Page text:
Volume 119, Number 3, August 2017
|Number of page(s)||6|
|Section||Interdisciplinary Physics and Related Areas of Science and Technology|
|Published online||13 October 2017|
Photomobility and photohealing of cellulose-based hybrids(a)
1 Laboratory of Solution Chemistry of Advanced Materials and Technologies (SCAMT), ITMO University St. Petersburg 197101, Russian Federation
2 Institute of General and Inorganic Chemistry, National Academy of Sciences of Belarus - 220072 Minsk, Belarus
3 Leibniz Institute of Polymer Research Dresden - Hohe Str. 6, 01069 Dresden, Germany
4 Center for Soft and Living Matter, Institute of Basic Science, Ulsan National Institute of Science and Technology 44919 Ulsan, Republic of Korea
5 Max Planck Institute of Colloids and Interfaces - Am Mühlenberg 1, 14424 Potsdam, Germany
Received: 31 July 2017
Accepted: 22 September 2017
In an effort to control the electronic and mechanical interaction between an inorganic surface and a defined polymeric coating, we present a new and easy method of a cellulose-based hybrid formation. We used Schweizer's reagent, a specific copper ammonia hydroxide-based solvent for cotton dissolution and found the optimal concentration for the formation of photosensitive uniform cellulose coating on titania, TiO2-cellulose coating and free-standing hybrid. Photomobility, the material mobility induced by light, of a cellulose layer on a titania surface and of a TiO2-cellulose hybrid on a silicon wafer has been studied. This can be used for photohealing, and the most promising system is the one that can be healed with light due to in situ activation of titania nanoparticles assembled on cellulose fibers in a hydrogel. The interfacial contact between titania particles and fiber is important for local transport of electrons and ions, thus the most promising system was obtained by in situ synthesis of titania nanoparticles on cellulose dispersed in Schweizer's reagent. We propose that cellulose coatings on titania surface and free-standing hybrids can be applicable for a wide range of photochemical devices: films for optics, drug delivery systems, and inks for printing of biologically relevant lab-on-chips.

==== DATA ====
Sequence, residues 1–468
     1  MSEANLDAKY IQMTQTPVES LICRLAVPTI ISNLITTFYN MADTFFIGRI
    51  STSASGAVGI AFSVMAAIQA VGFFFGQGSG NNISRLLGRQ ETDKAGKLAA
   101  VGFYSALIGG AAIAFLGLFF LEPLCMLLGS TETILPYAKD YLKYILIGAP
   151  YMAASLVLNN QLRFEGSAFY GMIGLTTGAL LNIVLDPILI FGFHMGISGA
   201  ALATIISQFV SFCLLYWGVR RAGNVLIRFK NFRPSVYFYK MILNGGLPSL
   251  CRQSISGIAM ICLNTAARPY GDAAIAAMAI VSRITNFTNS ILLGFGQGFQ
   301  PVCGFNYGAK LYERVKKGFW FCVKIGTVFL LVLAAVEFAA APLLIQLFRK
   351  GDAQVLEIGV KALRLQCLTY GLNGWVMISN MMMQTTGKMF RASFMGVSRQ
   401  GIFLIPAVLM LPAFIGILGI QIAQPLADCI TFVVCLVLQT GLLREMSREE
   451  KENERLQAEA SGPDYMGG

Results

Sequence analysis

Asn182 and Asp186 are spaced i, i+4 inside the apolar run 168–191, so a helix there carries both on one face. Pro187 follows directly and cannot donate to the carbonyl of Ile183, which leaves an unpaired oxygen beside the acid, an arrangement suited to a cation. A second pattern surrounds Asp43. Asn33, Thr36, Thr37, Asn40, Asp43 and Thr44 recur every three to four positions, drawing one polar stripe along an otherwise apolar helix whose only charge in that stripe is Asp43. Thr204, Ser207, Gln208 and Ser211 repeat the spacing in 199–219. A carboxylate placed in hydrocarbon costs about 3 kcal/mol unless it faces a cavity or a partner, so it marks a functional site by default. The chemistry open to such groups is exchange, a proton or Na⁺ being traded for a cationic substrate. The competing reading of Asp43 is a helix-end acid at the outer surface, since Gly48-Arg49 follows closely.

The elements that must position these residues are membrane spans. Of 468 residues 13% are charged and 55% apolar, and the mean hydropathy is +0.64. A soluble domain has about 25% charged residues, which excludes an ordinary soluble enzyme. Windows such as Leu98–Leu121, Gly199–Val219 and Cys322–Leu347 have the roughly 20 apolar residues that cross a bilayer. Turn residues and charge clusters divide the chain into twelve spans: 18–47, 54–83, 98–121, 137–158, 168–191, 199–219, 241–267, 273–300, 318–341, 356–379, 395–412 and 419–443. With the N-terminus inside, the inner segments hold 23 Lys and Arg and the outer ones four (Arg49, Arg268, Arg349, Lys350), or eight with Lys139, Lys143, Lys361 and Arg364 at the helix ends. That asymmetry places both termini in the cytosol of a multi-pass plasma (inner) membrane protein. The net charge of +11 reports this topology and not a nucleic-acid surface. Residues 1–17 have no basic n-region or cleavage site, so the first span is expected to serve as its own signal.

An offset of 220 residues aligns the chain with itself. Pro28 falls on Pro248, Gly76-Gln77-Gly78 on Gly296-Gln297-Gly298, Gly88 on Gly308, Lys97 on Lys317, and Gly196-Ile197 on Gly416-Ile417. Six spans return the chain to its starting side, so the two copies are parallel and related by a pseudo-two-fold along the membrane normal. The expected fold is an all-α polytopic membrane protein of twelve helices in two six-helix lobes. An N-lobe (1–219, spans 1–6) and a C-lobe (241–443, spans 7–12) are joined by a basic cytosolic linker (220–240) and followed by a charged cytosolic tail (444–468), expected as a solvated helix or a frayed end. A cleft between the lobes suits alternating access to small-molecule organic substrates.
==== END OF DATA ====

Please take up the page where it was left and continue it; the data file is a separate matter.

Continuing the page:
PACS: 82.50 Hp – / 81.07.Pr –
© EPLA, 2017
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